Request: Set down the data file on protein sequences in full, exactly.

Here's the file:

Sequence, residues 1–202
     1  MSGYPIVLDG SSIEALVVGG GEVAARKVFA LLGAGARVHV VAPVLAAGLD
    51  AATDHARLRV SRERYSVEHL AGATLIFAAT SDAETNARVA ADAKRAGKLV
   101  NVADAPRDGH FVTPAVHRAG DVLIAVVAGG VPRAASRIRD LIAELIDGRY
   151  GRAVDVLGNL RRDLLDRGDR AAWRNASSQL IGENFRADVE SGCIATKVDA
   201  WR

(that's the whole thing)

Sequence, residues 1–202
     1  MSGYPIVLDG SSIEALVVGG GEVAARKVFA LLGAGARVHV VAPVLAAGLD
    51  AATDHARLRV SRERYSVEHL AGATLIFAAT SDAETNARVA ADAKRAGKLV
   101  NVADAPRDGH FVTPAVHRAG DVLIAVVAGG VPRAASRIRD LIAELIDGRY
   151  GRAVDVLGNL RRDLLDRGDR AAWRNASSQL IGENFRADVE SGCIATKVDA
   201  WR